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The purpose of this task is to provide students with a multi-step problem involving volume and to give them a chance to discuss the difference between exact calculations and their meaning in a context.

Subject:
Geometry
Mathematics
Material Type:
Activity/Lab
Provider:
Illustrative Mathematics
Provider Set:
Illustrative Mathematics
Author:
Illustrative Mathematics
Date Added:
05/01/2012
Unrestricted Use
CC BY
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The PhET project at the University of Colorado creates "fun, interactive, research-based simulations of physical phenomena." This particular one deals with Beer's Law. "The thicker the glass, the darker the brew, the less the light that passes through." Make colorful concentrated and dilute solutions and explore how much light they absorb and transmit using a virtual spectrophotometer! The simulation is also paired with a teachers' guide and related resources from PhET. The simulation is also available in multiple languages.

Subject:
Chemistry
Physical Science
Material Type:
Simulation
Provider:
University of Colorado Boulder
Provider Set:
PhET Interactive Simulations
Author:
Chris Malley
Emily B. Moore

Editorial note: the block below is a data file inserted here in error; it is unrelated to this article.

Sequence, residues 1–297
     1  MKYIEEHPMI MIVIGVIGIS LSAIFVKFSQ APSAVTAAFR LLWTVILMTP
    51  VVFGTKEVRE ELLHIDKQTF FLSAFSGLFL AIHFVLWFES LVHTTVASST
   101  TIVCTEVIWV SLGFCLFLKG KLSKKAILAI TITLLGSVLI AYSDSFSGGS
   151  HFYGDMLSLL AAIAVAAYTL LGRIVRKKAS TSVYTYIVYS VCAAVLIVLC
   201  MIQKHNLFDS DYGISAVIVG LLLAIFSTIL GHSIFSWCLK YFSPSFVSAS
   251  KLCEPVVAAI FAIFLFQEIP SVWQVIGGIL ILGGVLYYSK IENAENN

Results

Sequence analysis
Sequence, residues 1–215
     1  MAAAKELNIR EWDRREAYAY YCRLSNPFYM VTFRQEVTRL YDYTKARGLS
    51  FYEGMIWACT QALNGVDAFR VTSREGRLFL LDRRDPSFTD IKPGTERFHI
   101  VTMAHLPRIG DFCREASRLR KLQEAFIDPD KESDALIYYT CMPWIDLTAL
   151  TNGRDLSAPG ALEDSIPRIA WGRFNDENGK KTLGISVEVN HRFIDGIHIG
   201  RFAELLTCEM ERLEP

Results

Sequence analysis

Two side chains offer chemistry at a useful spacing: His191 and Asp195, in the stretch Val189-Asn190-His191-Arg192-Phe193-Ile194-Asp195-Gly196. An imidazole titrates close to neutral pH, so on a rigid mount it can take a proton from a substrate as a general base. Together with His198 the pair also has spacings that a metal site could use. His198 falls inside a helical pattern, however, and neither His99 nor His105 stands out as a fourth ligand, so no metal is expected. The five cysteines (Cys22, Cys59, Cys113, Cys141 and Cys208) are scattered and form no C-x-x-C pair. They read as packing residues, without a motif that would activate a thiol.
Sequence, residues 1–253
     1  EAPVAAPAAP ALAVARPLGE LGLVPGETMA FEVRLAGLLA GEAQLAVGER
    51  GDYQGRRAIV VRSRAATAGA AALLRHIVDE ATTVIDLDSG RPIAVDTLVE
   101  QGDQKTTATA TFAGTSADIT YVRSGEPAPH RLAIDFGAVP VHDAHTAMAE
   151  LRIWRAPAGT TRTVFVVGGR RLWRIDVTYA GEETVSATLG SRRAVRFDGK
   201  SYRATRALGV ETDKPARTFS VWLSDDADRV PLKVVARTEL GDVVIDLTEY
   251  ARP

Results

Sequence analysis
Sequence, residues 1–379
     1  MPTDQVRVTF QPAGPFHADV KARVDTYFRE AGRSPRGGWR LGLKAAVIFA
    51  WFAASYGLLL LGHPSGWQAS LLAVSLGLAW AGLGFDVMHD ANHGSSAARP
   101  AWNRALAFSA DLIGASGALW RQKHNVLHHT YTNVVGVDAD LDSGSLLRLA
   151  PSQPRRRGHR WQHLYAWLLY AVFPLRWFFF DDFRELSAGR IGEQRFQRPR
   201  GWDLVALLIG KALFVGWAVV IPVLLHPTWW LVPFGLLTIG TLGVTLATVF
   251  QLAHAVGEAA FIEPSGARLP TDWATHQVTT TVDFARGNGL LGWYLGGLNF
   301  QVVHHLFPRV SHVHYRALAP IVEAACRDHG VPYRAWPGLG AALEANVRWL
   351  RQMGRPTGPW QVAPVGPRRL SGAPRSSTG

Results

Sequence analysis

Julia Chamberlain
Kathy Perkins
Kelly Lancaster
Date Added:
05/14/2012
Conditional Remix & Share Permitted
CC BY-NC-SA
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In this unit students will learn to find the perimeter and area of plane and composite figures, find the circumference and area of circles, Surface Area of Prisms and Cylinders, Volume of Prisms and Cylinders, Volume and Surface Area Applications.

Subject:
Education
Geometry
Mathematics
Material Type:
Activity/Lab
Assessment
Homework/Assignment
Lesson
Lesson Plan
Teaching/Learning Strategy
Unit of Study
Date Added:
08/08/2019
Read the Fine Print
Educational Use
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After learning, comparing and contrasting the steps of the engineering design process (EDP) and scientific method, students review the human skeletal system, including the major bones, bone types, bone functions and bone tissues, as well as other details about bone composition. Students then pair-read an article about bones and bone growth and compile their notes to summarize the article. Finally, students complete a homework assignment to review the major bones in the human body, preparing them for the associated activities in which they create and test prototype replacement bones with appropriate densities. Two PowerPoint(TM) presentations, pre-/post-test, handout and worksheet are provided.

Subject:
Anatomy/Physiology
Applied Science
Engineering
Life Science
Material Type:
Lesson Plan
Provider:
TeachEngineering
Provider Set:
TeachEngineering
Author:
Carleigh Samson
Dua Chaker
Jeanne Hubelbank
Kristen Billiar
Michelle Gallagher